Adoption Fact Sheet: Issues for Adopted Children

What information can I get about my biological parents?  

Adoption records are confidential.  If you were adopted you may be able to get information to identify your biological parents.  A biological parent or an adult biological sibling must have signed a release of information or consent form.  If not, you may only be able to obtain background social and medical information. 

Birth and adoption records are kept at the Oho Department of Health.
The Ohio Department of Health, Office of Vital Statistics, keeps birth and adoption records of persons born in Ohio and adopted anywhere in the United  States.  For more information see for information and forms.  Look for ‘adoption information’ in the a to z search. 

Adoptions before 1964:  You will need to complete an affidavit and have it notarized.  Send it with copies of two pieces of identification and a fee.  Obtain the forms from the Department of Health.  This file will not include medical information. 

Adoptions between January 1, 1964 and September 18, 1996:  These adoption records are sealed and only opened by a probate court order. 

Adoptions after September 18, 1996:  These adoption records are open to the adopted person over age 21.  Birth information will be disclosed if the biological parents or a biological sibling have signed an authorization to release the information.  This form must have been registered with the Department of Health.   The adopted person must complete a request form and provide copies of two forms of identification. 

For more information, use the website links or contact the Ohio Department of Health, customer service team at  614-466-2531. Request a form or mail a request to Office of Vital Statistics, P.O. 15098, Columbus, Ohio 43215.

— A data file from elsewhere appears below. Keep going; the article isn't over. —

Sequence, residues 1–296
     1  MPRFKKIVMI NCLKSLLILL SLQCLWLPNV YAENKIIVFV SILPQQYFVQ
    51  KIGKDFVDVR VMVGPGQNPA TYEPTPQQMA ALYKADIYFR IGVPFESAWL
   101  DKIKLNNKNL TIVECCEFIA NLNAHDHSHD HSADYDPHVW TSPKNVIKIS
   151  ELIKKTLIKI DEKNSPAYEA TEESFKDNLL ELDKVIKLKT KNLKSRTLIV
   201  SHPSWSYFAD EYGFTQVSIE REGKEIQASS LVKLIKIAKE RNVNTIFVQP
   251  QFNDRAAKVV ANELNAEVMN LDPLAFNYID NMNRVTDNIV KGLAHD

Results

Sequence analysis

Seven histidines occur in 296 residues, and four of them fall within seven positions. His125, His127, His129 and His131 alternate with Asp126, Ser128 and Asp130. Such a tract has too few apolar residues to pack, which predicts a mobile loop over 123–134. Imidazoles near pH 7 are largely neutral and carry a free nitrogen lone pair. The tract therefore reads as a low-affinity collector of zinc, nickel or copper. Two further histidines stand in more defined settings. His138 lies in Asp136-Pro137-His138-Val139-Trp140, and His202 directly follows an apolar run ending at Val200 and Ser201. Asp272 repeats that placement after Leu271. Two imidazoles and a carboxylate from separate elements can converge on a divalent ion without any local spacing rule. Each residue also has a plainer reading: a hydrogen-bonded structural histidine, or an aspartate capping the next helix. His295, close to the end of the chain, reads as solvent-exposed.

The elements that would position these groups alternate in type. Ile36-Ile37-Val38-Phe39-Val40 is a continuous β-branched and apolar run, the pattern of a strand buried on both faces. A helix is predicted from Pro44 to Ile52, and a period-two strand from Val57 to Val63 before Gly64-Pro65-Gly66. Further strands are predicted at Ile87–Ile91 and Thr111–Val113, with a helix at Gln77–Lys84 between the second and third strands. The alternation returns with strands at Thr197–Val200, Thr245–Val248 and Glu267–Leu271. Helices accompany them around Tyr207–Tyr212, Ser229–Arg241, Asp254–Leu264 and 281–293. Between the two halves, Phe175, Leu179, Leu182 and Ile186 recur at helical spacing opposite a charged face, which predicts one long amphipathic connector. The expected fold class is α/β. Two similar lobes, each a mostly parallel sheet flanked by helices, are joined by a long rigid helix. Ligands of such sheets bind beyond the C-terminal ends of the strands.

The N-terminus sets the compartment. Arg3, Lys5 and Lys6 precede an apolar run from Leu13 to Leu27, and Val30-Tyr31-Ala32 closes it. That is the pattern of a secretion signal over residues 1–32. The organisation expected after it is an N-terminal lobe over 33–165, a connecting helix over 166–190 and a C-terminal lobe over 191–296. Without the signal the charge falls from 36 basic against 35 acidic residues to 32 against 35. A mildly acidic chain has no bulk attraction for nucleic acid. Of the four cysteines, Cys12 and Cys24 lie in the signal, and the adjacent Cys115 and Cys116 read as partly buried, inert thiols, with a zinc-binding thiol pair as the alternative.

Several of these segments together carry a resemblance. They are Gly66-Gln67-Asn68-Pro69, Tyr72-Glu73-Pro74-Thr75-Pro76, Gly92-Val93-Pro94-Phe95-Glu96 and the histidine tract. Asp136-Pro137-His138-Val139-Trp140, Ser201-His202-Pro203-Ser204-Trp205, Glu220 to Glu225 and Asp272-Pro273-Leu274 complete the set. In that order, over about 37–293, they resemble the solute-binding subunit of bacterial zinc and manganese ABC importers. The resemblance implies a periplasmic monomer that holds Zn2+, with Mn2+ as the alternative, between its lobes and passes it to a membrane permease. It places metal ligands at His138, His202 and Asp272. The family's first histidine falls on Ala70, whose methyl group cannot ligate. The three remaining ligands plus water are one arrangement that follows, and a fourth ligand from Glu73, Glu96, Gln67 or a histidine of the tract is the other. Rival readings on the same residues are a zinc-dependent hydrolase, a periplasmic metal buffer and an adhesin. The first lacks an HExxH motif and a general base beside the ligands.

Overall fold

Adopted persons may also petition Probate Court.
You may file a petition to seek your birth name and the identity of your biological parents.  This petition must be filed in the probate court of the county where you live or where the adoption occurred.  There is a filing fee.

The probate court will appoint an agency to investigate.  The probate judge will order the Department of Health to give the agency a copy of your original birth record or the name of the court that ordered the adoption.  This should happen within ninety days or so.   The agency will investigate to determine if:

  • You were adopted;
  • a consent has been filed by one or both of your biological parents authorizing the release of identifying information; and
  • one or both of your biological parents are deceased. 

The agency will report its findings to the Probate Court.  A copy of your original birth record will be attached to the report.     

The Probate Court may release information about your birth name and the identity of your biological parents only if:

  • the parent is deceased;  or
  • the parent or biological sibling has signed to authorize the release of the identifying information. 

However, if both biological parents are still living and a release is not in the file, the petition will not be granted until releases are signed.

How can I find out about my medical background? 

You may request the social and medical histories of your biological parents.  Ask the clerk of the probate court for a request form.  These histories are now kept as part of the permanent record in probate court.  Older adoption files may not contain these records.  You can also ask to be updated if any new information is made available.   Be sure to give written notice of a change of address to the court if you move.


This article is meant to give you general information and not to give you specific legal advice.
Prepared by Community Legal Aid Services, Inc. Updated May 2012.